WPP suffers dramatic plunge as BT also reverses

by from interactive investor |

WPP's problems just got a whole lot worse, while BT's steady recovery has come off the rails. Graeme Evans tells us why and what the possible remedy might be.

Any BT shareholders hopeful that today's appointment of a new CEO can trigger an upturn in fortunes need look no further than WPP for a reality check.

Shares in the media and advertising giant are now trading at a six-year low after the company stunned investors today by slashing its full-year guidance in the wake of a 0.8% decline in Q3 revenues.

Since the departure of long-time boss Sir Martin Sorrell in April - replaced on a permanent basis by Mark Read in September - the high-yielding FTSE 100 stock has fallen by 25%.

Source: Tradingview       Past performance is not a guide to future performance

In fairness to Read, who was in temporary charge from April, this is a continuation of the downward trend in train prior to Sir Martin's controversial departure. Regardless of who is at the helm, WPP still has to find answers to the structurally different landscape created by the likes of Google and Facebook.

That's similar to the challenge facing BT's new boss Philip Jansen, who will take over from Gavin Patterson as CEO in February. Jansen has been at the helm of global payments group Worldpay since 2013.

The structural squeeze on industries such as media and advertising was highlighted by Read in today's third quarter update, when he reiterated the need for an effective new strategy and vastly simpler WPP.

He said the previous regime had been too slow to adapt to change, with the business complicated and under-invested in core areas.

Read has moved quickly to strengthen the balance sheet by making 16 disposals to date, raising £704 million. Alongside a renewed focus on working capital, this means net debt is down by £925 million on a year earlier.

Given the pressures on the company, the new CEO has decided the best way to develop market research business Kantar will be to sell a majority stake.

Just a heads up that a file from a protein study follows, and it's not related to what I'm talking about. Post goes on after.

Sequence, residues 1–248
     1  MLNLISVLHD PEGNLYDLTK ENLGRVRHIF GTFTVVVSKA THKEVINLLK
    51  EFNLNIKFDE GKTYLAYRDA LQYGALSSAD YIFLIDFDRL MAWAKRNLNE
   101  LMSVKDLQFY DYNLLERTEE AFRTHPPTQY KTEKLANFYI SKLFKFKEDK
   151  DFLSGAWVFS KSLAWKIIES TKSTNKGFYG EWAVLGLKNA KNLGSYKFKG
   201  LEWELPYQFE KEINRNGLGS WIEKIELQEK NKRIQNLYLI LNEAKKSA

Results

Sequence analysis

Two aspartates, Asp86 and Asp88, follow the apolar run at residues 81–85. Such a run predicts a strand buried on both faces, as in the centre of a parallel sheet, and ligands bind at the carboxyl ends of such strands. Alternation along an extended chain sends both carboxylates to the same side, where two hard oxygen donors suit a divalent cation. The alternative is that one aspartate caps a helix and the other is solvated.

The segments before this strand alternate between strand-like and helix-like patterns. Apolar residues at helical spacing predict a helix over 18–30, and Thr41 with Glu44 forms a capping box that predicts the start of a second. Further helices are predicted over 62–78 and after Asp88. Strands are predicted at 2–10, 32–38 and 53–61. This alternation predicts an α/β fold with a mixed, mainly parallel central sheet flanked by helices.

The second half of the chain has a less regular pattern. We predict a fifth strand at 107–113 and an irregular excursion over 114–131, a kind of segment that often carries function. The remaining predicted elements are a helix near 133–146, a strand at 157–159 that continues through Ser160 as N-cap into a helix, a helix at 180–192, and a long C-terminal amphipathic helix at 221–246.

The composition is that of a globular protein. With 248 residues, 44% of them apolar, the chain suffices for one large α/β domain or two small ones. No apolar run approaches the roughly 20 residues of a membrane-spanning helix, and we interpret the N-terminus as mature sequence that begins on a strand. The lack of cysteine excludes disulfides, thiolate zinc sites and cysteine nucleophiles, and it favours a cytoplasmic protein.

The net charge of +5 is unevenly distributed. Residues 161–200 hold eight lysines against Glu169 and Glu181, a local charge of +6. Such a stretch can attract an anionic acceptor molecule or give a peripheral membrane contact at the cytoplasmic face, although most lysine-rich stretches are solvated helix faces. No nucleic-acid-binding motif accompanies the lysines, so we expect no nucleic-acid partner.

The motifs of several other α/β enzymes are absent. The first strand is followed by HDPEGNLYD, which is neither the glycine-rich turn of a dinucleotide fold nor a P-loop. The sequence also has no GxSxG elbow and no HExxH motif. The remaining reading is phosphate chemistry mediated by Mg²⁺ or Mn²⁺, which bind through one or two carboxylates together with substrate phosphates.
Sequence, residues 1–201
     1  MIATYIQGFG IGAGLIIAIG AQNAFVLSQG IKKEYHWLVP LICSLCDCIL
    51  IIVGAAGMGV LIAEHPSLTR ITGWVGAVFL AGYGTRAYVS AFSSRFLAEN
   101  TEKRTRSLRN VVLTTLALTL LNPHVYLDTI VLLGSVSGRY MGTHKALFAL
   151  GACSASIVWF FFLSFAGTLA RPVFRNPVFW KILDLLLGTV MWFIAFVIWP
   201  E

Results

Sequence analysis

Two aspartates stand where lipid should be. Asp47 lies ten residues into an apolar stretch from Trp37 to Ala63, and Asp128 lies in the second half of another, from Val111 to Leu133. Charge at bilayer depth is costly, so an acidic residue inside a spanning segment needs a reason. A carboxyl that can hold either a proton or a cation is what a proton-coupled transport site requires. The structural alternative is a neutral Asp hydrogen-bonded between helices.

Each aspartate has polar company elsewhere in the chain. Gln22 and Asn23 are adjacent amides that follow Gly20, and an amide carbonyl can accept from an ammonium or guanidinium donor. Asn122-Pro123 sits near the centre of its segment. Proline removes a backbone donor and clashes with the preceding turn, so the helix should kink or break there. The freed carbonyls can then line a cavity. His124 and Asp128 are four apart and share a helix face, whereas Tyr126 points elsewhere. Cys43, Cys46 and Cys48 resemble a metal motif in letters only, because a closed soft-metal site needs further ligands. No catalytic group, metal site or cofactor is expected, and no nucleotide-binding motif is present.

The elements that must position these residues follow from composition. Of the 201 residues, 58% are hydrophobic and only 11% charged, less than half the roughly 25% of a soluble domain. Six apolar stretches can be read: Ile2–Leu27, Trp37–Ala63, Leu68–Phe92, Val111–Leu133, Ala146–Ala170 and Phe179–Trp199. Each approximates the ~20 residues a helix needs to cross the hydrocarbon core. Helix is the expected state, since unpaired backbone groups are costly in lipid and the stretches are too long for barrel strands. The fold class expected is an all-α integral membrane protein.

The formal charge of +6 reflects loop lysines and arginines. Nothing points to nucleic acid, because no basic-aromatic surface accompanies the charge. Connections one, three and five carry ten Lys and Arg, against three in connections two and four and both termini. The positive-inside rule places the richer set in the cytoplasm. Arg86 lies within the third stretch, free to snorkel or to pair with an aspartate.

Morgan Stanley, which values the Kantar business at £3.7 billion, said this may result in WPP finding a middle ground between using the proceeds for debt reduction and returning cash to shareholders. WPP currently yields 5.5% and returns about £1.2 billion a year in dividends and buybacks.

In the short-term, the immediate concern for analysts is the contrast in performance between WPP and some of its peers, with the likes of Omnicom and Publicis recently delivering well-received Q3 updates.

Liberum said:

"It would be tempting to dismiss WPP's performance as a temporary blip, as happened with Publicis in Q2, but the fact that the company has dragged down its guidance, suggests something else."

Analyst Ian Whittaker said the culprit looked to be the Media division, which is high margin but appears to be suffering significant client losses.

He still believes the share price has the potential to recover to 1,750p, while Morgan Stanley is priced at 1,425p. A strategy update planned for December is likely to be pivotal as Read sets out his plans for growth, investment in technology and a simplified structure for WPP.

His battle to manage structural change will be echoed at BT, where the reception to Jansen's appointment was far from enthusiastic today. Shares slumped 6%, with the stock not far from the six-year low seen in the summer.

Source: Tradingview       Past performance is not a guide to future performance

Part of the reason for BT's decline has been the inevitable heavy spending needed to upgrade the fibre network with potentially no incremental return. 

It recently announced major cost cuts as part of plans to compete with rivals who saw the future of a rapidly changing industry much quicker than BT.

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